Harry Potter And The Half-Blood Prince
June 15, 2016 10:33 PM - by J. K Rowling - Subscribe

Harry enters his 6th year at Hogwarts as the Chosen One and begins private lessons with Dumbledore. Through the year Harry is pressured by the new minister of magic to ally with the Ministry, learns about Voldemort's murky past, and excels in Potions due to an old but useful textbook. Contains series spoilers

Every element of the formula is in place, but at times, it feels like Rowling is zipping down a checklist of familiar names and situations, giving them each one brief moment in the sun before she gets back to her central plot. This rapid service doesn't do justification to many of her long-running storylines; some characters appear to be making contractually mandated cameos, the unmasking of the mysterious Half-Blood Prince is forced and abrupt, and Harry's latest romance amounts to a few vague, unexplored longings and some offstage conversations. -AV Club

This novel is built around a series of meetings between Harry and Dumbledore, the Hogwarts headmaster, where the great wizard and his apprentice have a pronounced tendency to explain the rules and anomalies of magic to each other. If they understand all, good might triumph. After all, why should evil be defeated? As Fudge tells the British prime minister: "The trouble is, the other side can do magic too." So the workings of magic must sometimes depend on the intelligence and virtue of those who use it. Harry and Dumbledore magically revisit the past and try to divine Voldemort's devilish schemes by understanding his past. Family history is all. Their meetings are the marrow of the narrative, for they combat evil without much help from others. When they are not together, you feel the plot is lost. - The Guardian

Also a review from NYT which seems to have implemented some form of DRM.
My Own Sickle
-This is my favorite HP book by far. I enjoyed having two chapters at the beginning where we get to see the world outside Harry's purview (as I was quite sick of him after OotP). Seeing the interactions between Fudge and the Other Minister was such a gift as was the scene at Spinner's End.
-Collecting Slughorn was a fun adventure. I wish there had been more Harry/Dumbledore action scenes in the series. It was also a good place to mention Regulus again.
-I couldn't decide whether to mention this early on in my post or later... but I fucking love Remus/Tonks as a ship and would gladly read a JKR penned story about them. I could tell based on the bits about them that she wanted to write more about them. I loved where their sub-sub plot came together at the end of the book.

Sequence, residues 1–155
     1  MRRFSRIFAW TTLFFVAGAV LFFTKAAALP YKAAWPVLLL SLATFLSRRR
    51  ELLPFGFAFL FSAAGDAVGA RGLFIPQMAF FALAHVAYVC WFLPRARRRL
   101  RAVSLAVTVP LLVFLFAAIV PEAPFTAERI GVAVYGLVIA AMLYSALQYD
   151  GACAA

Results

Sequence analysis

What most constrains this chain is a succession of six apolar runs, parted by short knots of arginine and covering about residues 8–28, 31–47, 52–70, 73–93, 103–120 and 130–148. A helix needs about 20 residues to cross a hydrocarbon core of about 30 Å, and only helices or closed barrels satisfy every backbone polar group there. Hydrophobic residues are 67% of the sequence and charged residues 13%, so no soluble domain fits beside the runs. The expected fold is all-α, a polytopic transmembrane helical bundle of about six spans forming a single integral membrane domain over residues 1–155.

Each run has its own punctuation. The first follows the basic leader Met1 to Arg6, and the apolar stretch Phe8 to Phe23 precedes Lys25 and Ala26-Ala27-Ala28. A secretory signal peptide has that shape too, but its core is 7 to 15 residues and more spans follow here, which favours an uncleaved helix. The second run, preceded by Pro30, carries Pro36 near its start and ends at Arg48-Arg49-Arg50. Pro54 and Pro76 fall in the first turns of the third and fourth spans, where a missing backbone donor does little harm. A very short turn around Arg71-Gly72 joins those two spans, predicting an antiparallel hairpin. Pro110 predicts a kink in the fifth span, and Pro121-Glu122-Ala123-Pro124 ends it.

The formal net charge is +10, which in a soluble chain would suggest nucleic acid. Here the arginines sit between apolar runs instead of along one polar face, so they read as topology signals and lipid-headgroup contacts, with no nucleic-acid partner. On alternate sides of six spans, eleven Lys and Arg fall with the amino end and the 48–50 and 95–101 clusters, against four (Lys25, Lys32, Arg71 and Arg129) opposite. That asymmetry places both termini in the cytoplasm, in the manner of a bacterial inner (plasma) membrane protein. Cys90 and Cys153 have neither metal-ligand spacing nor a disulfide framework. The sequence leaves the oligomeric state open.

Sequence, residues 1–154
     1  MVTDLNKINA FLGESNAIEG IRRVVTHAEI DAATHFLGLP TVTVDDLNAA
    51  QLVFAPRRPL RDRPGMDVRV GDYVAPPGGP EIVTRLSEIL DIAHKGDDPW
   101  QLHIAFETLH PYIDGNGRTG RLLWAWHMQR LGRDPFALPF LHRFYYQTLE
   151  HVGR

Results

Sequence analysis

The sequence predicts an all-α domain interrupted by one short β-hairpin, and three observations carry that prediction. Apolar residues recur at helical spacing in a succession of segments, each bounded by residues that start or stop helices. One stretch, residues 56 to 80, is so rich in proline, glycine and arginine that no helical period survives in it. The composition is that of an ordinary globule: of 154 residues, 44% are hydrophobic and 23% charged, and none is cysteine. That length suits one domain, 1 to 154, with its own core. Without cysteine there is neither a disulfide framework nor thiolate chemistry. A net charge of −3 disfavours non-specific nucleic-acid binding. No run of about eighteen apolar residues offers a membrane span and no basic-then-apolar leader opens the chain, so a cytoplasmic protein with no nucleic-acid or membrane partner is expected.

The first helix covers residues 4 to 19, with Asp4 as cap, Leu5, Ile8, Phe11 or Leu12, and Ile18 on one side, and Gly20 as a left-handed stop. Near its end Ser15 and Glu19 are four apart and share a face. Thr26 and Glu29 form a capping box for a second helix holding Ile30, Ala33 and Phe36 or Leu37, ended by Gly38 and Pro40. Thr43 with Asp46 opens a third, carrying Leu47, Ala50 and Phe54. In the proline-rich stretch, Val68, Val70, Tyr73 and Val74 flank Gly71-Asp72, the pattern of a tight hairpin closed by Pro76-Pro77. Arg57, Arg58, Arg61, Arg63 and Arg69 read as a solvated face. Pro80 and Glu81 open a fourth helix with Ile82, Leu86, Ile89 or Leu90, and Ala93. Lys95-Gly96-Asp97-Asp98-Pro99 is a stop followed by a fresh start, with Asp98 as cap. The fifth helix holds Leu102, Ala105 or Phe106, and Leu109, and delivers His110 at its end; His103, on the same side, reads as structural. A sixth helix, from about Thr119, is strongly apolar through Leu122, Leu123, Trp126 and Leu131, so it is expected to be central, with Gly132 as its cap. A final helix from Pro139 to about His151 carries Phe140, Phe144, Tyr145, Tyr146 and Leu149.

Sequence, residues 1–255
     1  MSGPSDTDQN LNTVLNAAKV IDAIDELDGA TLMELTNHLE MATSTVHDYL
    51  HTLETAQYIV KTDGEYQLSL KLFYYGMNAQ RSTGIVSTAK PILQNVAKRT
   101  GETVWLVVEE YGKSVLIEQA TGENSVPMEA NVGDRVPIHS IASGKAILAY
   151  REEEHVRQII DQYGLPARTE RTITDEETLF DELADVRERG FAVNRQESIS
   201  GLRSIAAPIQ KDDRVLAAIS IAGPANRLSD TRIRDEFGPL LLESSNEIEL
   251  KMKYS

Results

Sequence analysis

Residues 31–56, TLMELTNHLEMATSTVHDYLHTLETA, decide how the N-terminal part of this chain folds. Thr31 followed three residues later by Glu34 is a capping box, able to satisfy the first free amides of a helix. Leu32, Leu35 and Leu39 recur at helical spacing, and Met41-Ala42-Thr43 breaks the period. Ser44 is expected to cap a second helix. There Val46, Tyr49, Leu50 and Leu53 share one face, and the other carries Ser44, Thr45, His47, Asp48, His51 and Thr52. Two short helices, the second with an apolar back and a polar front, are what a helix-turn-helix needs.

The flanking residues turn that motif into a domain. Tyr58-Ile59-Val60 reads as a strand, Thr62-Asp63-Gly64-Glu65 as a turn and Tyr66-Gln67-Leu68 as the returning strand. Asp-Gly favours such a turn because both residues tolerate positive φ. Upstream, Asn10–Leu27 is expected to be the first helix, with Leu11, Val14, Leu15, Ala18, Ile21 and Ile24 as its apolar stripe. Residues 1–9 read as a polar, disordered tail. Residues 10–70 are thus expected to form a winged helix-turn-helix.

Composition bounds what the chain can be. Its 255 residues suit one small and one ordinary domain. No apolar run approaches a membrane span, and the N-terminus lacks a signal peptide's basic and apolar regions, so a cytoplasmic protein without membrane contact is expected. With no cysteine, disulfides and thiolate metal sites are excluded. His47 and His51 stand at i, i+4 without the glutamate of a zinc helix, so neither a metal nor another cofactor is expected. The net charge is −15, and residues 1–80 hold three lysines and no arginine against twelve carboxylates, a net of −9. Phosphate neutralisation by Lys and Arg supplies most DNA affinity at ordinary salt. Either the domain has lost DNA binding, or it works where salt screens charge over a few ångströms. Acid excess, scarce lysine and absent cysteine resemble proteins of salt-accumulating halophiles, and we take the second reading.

-The Ministry and media turnaround about Harry was... not surprising. Scrimgour is a very interesting MoM. I like how he tries to use Harry as an asset and aggressively pursues him.
-Harry's change in popularity is just a bit over the top. I mean, are people shallow enough to think he wouldn't care about or notice the 180 the general population at Hogwarts did?
-The exposition lessons with Dumbledore were a fun way to get history on Voldemort and the big reveal about the horcruxes. Although the lessons are not super useful in the next book when Harry is out to hunt horcruxes, learning the thought pattern behind Dumbledore's search seemed useful.
-The romance in this book is quite awkward. Ron's thing with Lavender, reluctance to break up with her, and the jealousy between Ron and Hermione are all red flags about their future together. I didn't get too worked up about Harry and Ginny other than "okay, they're happening."
-Um, this might be an unpopular opinion but Ron definitely fell in esteem this book. His attitude/aggression about quidditch, authoritarian behavior towards Ginny's dating activities, and the whole Hermione/Lavender debacle are all why I couldn't see him and Hermione lasting very long.
-Luna and Neville were just to die for in this book (as individuals, not in a couple-y way). They've both gained confidence after the last book and are much more sure of themselves.
-Harry's rise to stardom in potions and his use of the HBP book show a bit of an unethical streak in Harry which I sort of enjoy.
-The Astronomy Tower battle left me wanting more than Harry's glimpse as he ran through. The retelling of it from others was not quite enough.
-The scene in the cave was so scary. I get chills each time I read that.
-Dumbledore's death was so upsetting. I mean, not a surprise given what happened but Harry's reaction to it was so difficult as the grief was felt by everyone in the wizarding world who Harry had close contact with.

I think that's everything for now. I might add more depending on what others bring up.
posted by toomanycurls (13 comments total) 2 users marked this as a favorite
The Felix Felicis sequence is one of my favorite sequences from any book. It almost feels like a parody of other books where characters meet and events play out more via blind chance than the actual agency on the part of the characters. It's one of my pet peeves so I like seeing it on display here as the ridiculous trope it is. The book is otherwise often dark and serious so seeing important things play out via the main character saying "whatever let's go this way!"